The Freedom From Religion Foundation is requesting that the Shreveport, La., police department take down a painting depicting Jesus.
A concerned community member has contacted the state/church watchdog to report that a portrait of Christianity’s messiah is prominently displayed in a police department hallway where members of the public wait to be interviewed by police officers. FFRF has also been informed about a series of poems titled “My Story of Jesus” that have been posted in common workspaces.
The Establishment Clause of the First Amendment to the U.S. Constitution prohibits government endorsement of religion, FFRF emphasizes to the Shreveport Police Department.
“The Supreme Court has said time and again, that the ‘First Amendment mandates government neutrality between religion and religion, and between religion and nonreligion,’” FFRF Legal Fellow Brendan Johnson writes to Shreveport Police Chief Ben Raymond. “It is inappropriate for the department to display this religious content because it conveys government support for religion.”
Like the Ten Commandments posting in county buildings in McCreary and the crèche display on county land in Allegheny, this display is unconstitutional under the precedent of Lemon v. Kurtzman (1971), FFRF asserts. Any reasonable observer would view the display as an endorsement of religion by the department. In 2013, FFRF successfully sued to remove a painting of Jesus from an Ohio middle school, with parties agreeing to a financial settlement requiring the school to pay the plaintiffs a combination of damages and legal fees totaling $95,000.
Such displays also convey a message to non-Christians that they are “outsiders, not full members of the political community and an accompanying message to adherents that they are insiders, favored members of the political community,” to quote the Supreme Court. The Shreveport Police Department serves all citizens regardless of their personal religious beliefs. Neither the portrait of Jesus nor the poetry relate to legitimate government business and both send a divisive message to many citizens, including the 26 percent of American adults who identify as nonreligious.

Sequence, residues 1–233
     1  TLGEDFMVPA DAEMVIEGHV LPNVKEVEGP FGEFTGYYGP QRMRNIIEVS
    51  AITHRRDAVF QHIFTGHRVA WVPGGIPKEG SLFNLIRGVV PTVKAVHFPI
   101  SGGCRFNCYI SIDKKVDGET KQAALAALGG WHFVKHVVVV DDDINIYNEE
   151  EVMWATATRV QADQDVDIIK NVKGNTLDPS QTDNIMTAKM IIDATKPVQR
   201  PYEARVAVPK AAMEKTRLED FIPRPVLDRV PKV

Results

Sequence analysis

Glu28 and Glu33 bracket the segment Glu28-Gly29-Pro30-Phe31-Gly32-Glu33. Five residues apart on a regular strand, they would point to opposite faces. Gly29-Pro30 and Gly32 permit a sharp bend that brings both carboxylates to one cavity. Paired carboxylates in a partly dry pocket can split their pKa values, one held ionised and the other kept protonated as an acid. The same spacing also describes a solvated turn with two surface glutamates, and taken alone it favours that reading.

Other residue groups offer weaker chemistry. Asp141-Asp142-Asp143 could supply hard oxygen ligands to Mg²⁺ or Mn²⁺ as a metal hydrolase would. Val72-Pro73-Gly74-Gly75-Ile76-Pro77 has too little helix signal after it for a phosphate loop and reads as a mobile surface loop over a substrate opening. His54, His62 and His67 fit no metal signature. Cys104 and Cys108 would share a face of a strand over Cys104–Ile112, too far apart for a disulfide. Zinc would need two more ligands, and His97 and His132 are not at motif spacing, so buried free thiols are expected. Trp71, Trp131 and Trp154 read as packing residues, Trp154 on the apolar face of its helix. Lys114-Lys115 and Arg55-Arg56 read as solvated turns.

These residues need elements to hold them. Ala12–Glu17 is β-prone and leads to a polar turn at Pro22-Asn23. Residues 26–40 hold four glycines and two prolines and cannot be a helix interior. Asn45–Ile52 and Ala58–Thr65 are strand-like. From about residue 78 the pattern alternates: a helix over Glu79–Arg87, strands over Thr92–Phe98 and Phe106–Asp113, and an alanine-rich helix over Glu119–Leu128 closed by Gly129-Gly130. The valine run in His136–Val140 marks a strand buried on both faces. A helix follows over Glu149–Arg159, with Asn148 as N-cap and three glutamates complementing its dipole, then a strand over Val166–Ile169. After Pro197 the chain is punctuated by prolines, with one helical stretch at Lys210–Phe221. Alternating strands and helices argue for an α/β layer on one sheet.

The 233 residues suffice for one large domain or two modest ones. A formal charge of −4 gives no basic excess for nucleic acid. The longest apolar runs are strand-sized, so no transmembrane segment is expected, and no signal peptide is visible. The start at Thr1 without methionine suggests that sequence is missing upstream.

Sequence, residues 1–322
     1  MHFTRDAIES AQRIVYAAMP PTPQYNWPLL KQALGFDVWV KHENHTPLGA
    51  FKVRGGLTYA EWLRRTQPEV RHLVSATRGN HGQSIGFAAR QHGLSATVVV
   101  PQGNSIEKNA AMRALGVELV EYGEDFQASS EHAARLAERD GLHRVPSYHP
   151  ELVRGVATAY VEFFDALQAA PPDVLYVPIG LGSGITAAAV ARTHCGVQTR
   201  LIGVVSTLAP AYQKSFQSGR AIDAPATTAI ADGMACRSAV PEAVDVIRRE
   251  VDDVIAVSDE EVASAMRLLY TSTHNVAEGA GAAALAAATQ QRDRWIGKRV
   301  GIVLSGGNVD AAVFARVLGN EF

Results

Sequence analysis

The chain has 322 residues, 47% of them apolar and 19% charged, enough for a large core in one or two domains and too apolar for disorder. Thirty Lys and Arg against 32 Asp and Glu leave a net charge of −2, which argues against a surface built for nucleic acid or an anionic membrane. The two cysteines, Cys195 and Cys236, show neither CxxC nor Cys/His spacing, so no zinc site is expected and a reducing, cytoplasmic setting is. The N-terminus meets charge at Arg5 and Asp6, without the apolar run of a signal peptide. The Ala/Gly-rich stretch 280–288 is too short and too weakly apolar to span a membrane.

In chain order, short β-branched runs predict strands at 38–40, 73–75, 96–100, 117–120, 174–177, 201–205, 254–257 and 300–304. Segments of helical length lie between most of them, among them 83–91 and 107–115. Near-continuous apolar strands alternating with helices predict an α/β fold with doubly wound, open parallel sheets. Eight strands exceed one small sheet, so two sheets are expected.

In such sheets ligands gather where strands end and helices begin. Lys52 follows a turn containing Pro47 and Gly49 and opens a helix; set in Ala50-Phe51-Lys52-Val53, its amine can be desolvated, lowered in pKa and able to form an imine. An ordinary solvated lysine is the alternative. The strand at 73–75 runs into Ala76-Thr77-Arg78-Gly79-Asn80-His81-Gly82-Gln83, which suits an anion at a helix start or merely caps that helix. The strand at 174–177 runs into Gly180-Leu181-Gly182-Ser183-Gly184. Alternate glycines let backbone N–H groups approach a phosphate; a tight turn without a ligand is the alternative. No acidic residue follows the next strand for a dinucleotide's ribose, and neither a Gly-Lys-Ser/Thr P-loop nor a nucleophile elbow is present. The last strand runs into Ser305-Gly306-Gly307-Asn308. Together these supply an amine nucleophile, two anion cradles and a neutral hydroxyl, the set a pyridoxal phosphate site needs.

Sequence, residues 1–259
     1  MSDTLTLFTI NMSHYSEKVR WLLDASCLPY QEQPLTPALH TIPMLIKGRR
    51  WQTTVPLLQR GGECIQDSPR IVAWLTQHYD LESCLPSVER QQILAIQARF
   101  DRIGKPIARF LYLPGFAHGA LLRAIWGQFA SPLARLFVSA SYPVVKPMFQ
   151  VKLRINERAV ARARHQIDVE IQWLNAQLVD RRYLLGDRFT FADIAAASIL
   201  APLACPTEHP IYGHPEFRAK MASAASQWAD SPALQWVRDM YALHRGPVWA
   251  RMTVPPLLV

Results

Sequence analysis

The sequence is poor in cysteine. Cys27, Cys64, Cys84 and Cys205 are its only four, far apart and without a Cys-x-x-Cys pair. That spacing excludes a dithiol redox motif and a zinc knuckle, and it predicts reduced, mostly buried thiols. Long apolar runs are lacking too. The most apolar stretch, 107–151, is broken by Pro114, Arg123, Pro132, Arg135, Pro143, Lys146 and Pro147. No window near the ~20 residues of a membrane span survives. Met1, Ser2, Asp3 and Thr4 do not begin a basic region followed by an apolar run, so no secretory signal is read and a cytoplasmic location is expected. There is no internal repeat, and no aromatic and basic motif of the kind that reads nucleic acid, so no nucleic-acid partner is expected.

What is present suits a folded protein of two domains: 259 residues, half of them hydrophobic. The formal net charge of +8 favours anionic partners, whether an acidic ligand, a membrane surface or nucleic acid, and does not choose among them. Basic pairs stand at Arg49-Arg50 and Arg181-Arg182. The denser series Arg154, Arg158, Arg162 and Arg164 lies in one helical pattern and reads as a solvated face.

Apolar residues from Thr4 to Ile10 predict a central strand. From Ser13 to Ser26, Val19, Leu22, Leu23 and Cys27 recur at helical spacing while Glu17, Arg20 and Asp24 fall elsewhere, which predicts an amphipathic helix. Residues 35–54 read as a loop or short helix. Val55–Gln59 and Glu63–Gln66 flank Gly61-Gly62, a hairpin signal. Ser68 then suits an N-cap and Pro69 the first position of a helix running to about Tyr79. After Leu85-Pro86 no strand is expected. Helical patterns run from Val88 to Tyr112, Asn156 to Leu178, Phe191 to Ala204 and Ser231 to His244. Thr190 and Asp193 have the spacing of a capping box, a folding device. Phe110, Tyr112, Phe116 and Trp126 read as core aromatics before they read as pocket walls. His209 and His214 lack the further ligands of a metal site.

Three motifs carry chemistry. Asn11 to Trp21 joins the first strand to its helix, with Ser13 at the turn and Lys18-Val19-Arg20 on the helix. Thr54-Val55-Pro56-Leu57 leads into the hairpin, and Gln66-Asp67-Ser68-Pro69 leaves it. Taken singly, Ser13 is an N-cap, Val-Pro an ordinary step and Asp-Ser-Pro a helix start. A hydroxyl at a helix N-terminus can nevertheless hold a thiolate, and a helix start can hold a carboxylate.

To avoid further Establishment Clause concerns, FFRF is asking the Shreveport Police Department that the portrait and poems be immediately removed.
“An open profession of Christianity from an entity sworn to serve and protect is unconstitutional and divisive,” says FFRF Co-President Annie Laurie Gaylor. “The Shreveport Police Department serves all of the town residents, not just Christians.”
The Freedom From Religion Foundation is a national nonprofit organization with more than 33,000 members across the country, including in Louisiana. Its purposes are to protect the constitutional principle of separation between state and church and to educate the public on matters relating to nontheism.